Chick-fil-A heirs vow to stay private
Truett Cathy, the octogenarian founder of the Chick-fil-A chicken restaurants, said Monday that his children had promised him the family business would stay private and closed Sundays even after he was gone.
“I have a commitment from my three children that they will keep it private,” said Cathy, who is 86 and still goes into the office every day. “And that we’ll always close on Sunday.”
Chick-fil-A, which has more than 1,300 U.S. locations, is best known for its Southern-styled fried chicken sandwiches topped with butter and pickles. The company had sales of $2.28 billion in 2006, a 15% increase from the previous year.
Cathy’s children are all part of the family business.
In addition, three of Cathy’s grandchildren are pursuing careers at Chick-fil-A, which is adding 60 to 70 restaurants a year.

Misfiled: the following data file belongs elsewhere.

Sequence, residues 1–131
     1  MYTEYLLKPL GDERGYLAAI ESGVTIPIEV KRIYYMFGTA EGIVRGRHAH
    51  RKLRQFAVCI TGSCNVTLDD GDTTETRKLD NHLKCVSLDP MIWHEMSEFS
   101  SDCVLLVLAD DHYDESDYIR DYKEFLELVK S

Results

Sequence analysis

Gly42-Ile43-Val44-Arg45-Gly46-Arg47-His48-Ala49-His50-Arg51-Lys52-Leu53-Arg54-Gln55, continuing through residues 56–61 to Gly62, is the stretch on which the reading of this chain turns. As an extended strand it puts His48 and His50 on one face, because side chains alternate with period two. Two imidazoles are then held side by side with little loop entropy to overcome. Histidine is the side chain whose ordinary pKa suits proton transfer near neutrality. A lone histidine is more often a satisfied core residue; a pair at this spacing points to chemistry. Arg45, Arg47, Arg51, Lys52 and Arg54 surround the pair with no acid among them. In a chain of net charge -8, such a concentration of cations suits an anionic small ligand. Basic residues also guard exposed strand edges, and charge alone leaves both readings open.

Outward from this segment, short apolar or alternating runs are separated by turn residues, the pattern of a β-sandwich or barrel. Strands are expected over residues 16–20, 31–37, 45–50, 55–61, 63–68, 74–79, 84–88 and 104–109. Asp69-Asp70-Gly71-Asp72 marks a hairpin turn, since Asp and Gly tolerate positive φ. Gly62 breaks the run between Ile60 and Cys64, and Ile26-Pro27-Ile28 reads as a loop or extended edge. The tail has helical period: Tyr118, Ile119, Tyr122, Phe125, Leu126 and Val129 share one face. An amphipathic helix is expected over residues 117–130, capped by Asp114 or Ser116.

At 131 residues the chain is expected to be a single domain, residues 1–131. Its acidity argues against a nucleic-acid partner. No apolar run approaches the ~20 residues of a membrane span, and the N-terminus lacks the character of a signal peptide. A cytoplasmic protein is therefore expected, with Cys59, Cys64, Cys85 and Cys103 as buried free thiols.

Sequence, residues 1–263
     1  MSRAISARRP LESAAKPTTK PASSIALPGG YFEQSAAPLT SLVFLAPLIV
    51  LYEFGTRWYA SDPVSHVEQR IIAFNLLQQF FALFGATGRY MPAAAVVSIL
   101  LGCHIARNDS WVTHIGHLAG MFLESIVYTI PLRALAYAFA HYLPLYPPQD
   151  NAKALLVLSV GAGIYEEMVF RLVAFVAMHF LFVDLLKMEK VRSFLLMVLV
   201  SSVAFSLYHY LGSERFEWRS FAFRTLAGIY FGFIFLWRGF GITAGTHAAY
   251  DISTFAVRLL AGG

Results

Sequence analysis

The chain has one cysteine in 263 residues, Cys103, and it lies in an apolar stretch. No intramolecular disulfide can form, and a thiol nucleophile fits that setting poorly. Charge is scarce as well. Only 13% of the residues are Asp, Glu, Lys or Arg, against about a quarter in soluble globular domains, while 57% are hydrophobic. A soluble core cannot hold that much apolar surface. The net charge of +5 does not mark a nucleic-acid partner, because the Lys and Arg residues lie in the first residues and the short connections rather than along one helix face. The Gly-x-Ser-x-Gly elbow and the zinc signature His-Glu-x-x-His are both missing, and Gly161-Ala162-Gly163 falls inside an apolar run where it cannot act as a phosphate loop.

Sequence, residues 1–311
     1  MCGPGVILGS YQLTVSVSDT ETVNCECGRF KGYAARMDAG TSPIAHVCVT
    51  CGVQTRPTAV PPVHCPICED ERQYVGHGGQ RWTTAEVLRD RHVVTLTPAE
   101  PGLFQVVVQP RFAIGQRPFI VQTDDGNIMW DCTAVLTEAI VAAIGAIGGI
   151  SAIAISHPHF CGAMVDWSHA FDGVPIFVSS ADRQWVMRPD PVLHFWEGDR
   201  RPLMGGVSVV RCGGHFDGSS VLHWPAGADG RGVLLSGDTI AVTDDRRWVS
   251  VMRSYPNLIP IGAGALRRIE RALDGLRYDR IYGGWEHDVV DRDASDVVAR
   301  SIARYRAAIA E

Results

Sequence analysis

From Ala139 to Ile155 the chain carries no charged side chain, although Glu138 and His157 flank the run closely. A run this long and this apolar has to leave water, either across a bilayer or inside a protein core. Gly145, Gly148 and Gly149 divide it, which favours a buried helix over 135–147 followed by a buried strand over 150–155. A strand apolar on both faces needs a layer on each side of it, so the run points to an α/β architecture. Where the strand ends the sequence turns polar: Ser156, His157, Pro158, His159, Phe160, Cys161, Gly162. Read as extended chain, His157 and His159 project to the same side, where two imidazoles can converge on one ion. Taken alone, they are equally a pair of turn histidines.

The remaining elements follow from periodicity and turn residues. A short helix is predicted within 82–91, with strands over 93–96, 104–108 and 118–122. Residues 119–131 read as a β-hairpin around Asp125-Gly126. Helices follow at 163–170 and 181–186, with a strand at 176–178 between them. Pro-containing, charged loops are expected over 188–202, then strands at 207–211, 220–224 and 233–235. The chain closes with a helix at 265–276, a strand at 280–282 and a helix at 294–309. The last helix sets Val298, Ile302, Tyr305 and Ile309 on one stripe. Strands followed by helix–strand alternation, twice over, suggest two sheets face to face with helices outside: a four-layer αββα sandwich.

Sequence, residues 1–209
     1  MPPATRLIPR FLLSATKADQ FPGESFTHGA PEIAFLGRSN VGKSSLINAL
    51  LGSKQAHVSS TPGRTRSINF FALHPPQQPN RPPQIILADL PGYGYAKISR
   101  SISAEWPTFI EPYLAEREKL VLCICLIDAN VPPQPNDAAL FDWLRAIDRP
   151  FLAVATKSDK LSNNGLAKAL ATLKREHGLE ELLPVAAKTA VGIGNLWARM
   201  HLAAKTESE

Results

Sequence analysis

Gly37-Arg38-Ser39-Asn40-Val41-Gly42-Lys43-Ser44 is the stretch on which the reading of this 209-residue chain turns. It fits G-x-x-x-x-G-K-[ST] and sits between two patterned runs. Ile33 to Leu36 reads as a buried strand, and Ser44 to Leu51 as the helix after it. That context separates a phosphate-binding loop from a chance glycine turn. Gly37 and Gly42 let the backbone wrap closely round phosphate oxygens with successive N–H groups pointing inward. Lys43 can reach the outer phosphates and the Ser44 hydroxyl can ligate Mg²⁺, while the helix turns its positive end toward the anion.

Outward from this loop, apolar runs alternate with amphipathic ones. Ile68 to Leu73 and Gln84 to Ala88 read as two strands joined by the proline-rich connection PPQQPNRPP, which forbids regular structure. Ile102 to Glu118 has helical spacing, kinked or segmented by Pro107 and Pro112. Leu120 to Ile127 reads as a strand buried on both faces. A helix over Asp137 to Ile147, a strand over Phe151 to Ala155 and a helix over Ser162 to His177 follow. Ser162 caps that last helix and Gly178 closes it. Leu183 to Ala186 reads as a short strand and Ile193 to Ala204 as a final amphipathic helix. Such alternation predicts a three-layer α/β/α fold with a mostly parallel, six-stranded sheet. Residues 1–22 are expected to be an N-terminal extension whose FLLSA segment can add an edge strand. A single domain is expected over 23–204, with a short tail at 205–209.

By staying private, Cathy said the Atlanta company had been able to do things it would not have had it been under the scrutiny of Wall Street, such as expanding quickly.
Staying closed Sundays is key, Cathy said, because it gives employees a day off to spend with their families and attend religious services if they choose.
In addition to staying private and remaining closed Sundays, Cathy also requires that the company base its business decisions on “biblical principles.”
“If you work at Chick-fil-A we don’t require that you have a relationship with the Lord and Jesus,” Cathy said. “We just ask that you make your business decisions according to biblical principles.”
Such principles include treating customers as employees would like to be treated themselves, Cathy added.
Chick-fil-A this year was ranked first in fast-food service in a Zagat/Today show survey, as well as No. 1 in chicken.